How Do I Hook Up... my DVD player or upconverting DVD player? Newsletter Signup
January 1st, 2008 by Joe Chianese Page 1 Page 2Page 3

Hooking up a DVD Player

Now we move on to some more advanced options for connecting your DVD player. Again, this How-To doesn't involve receivers or anything else except for a DVD player and a television. For those connections, check out How To Hook Up a Receiver.

The Advanced (Digital) Outputs of a DVD Player

Newer DVD players will come outfitted some better options for outputting audio. There are two: fiber optic and digital coaxial.

Fiber optic audio is all digital, allowing for the highest quality surround sound audio A flat, square connector that opens inward to the unit is known as fiber optic. As seen here, this connector has a hinged door that pushes in when a cable is connected. Sometimes there is no door. You will usually notice a bright red light coming from the inside of an open fiber optic connection.

Fiber optic is an all digital connection. There is no left or right channel; just one cable that can pass-through mono, stereo, and surround sound (5.1, 6.1, 7.1 and beyond). It is in fact the only way you will get surround sound from a typical DVD player when connecting to a surround sound receiver (or digital coaxial works, too). However, when connecting to a TV, the benefits are less obvious. You may or may not notice a difference in audio quality between fiber optic and composite audio when going from DVD player to television. For the sake of argument over which to use, use it if you have it - don't go out of your way to get a fiber optic cable if you don't have a spare. You'll also need to make sure your TV actually has a fiber optic input. Most new, high definition TVs have either fiber optic or digital coaxial available.

Digital coax provides the same quality and 5.1 surround sound as fiber optic cables, but it is in a more familiar RCA connector type cablingIf you don't have fiber optic (or maybe you have both), than you may have digital coaxial. It looks exactly the same as red, white, or yellow composite output. It will be marked "Digital" or "Coaxial" or "Digital Coaxial". It is usually black or orange in color but this can vary. Digital coaxial is nearly identical to fiber optic. There is no practical difference between the two cables (both are all digital and can pass through mono, stereo, and full surround sound). Use what ever connection you have available to you for audio between a DVD player and a TV.

The only other audio-only output you may have would be 6 channel direct. This is only used for connecting to a receiver and is beyond the scope of this How-To. If you'd like to learn more about it, check out How To Hook Up a Receiver.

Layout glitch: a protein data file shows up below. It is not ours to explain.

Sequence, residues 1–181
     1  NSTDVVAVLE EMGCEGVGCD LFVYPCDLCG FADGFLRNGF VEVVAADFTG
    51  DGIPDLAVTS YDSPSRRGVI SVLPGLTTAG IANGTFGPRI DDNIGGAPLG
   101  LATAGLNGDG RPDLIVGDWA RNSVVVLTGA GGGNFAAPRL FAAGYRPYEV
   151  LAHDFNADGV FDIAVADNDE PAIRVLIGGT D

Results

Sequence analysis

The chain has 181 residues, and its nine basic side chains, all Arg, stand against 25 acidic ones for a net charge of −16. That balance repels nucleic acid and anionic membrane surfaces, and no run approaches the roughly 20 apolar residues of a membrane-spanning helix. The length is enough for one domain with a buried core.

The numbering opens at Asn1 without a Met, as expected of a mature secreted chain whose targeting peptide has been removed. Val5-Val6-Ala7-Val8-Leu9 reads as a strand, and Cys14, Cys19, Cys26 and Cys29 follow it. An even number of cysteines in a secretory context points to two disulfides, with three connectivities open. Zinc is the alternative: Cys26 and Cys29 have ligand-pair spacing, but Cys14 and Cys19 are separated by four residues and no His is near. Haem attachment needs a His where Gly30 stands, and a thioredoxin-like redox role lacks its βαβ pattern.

HDMI and DVI: Digital, High Definition Video

Now on to HDMI and DVI. You may have heard of these connections as of late. They are the all-digital video inputs capable of high definition content up to 1080p.

HDMI is especially useful because it can transfer both audio and video in one cable (if both devices support this - not all do; check device manuals to ensure compatibility).

HDMI can provide high definition video and 5.1 surround sound in one small cable A very compact connection, HDMI can transfer both audio and video in full high definition and surround sound. This is great in regards to both quality and less cable clutter. Keep in mind that not all components support audio being carried through HDMI cables so you'll have to check it out for yourself. My TV and DVD player both support audio and video through HDMI.

Here's a shot of the back of my DVD player. The composite audio cables are going to my receiver for simple stereo surround (nothing fancy for the bedroom; its an old receiver with no digital inputs).

The back of my DVD player showing HDMI connecting to my LCD TV. Composite audio connects to my receiver

This really shows you how nice it is to be able to utilize HDMI. If I wasn't using surround sound, I wouldn't have the red and white cables. I'd just need HDMI and my power cable. Simple, right?

Another all-digital cable, DVI is capable of high definition video, but it can't carry audio. Its also a very wide connector A DVI output is quickly becoming old news because of HDMI. Nevertheless, you might have this available to you, especially on an upconverting DVD player. In fact, you probably won't have HDMI or DVI unless you have an upconverting DVD player. And in that case, you'll want to use whichever of the two you have available for the best picture. You'll know you have DVI because of its signature long, pinned connector. It might not be colored white like here, but you get the idea.

And that's it. There's no other outputs you need to be concerned with for the basic hookup of your DVD player. And if you're using digital coax/fiber optic or HDMI/DVI, you're hooking up beyond the basics. You might have other 'stuff on your DVD player, like firewire or USB ports, but they aren't for hooking up your audio and video connections.

Continue on to the last page of this How-To for a quick wrap up and some pointers on the best DVD player and hookup combination.

>>Next: Choosing the Best DVD Player (3)

More Home Theater How-To Articles!

- How to Hook up Surround Sound
- Hook up a Receiver
- Running Speaker Wire
- Home Theater in a Box

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